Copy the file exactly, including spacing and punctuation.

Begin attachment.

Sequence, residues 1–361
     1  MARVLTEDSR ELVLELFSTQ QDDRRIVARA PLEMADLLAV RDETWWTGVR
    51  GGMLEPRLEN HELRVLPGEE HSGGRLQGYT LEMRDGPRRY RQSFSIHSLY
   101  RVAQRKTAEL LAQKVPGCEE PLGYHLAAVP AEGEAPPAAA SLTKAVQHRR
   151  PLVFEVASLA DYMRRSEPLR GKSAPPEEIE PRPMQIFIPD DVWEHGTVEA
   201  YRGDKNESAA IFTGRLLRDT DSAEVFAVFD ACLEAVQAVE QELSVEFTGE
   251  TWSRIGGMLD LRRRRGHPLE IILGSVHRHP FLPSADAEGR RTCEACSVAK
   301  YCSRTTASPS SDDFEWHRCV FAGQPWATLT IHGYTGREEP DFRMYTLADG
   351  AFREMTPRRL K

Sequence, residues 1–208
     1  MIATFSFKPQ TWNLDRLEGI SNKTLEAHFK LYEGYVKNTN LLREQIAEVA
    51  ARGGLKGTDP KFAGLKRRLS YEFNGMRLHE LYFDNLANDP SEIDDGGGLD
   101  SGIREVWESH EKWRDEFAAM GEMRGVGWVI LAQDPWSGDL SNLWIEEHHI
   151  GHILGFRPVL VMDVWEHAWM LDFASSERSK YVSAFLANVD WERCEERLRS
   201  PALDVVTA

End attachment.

Sequence, residues 1–361
     1  MARVLTEDSR ELVLELFSTQ QDDRRIVARA PLEMADLLAV RDETWWTGVR
    51  GGMLEPRLEN HELRVLPGEE HSGGRLQGYT LEMRDGPRRY RQSFSIHSLY
   101  RVAQRKTAEL LAQKVPGCEE PLGYHLAAVP AEGEAPPAAA SLTKAVQHRR
   151  PLVFEVASLA DYMRRSEPLR GKSAPPEEIE PRPMQIFIPD DVWEHGTVEA
   201  YRGDKNESAA IFTGRLLRDT DSAEVFAVFD ACLEAVQAVE QELSVEFTGE
   251  TWSRIGGMLD LRRRRGHPLE IILGSVHRHP FLPSADAEGR RTCEACSVAK
   301  YCSRTTASPS SDDFEWHRCV FAGQPWATLT IHGYTGREEP DFRMYTLADG
   351  AFREMTPRRL K

Sequence, residues 1–208
     1  MIATFSFKPQ TWNLDRLEGI SNKTLEAHFK LYEGYVKNTN LLREQIAEVA
    51  ARGGLKGTDP KFAGLKRRLS YEFNGMRLHE LYFDNLANDP SEIDDGGGLD
   101  SGIREVWESH EKWRDEFAAM GEMRGVGWVI LAQDPWSGDL SNLWIEEHHI
   151  GHILGFRPVL VMDVWEHAWM LDFASSERSK YVSAFLANVD WERCEERLRS
   201  PALDVVTA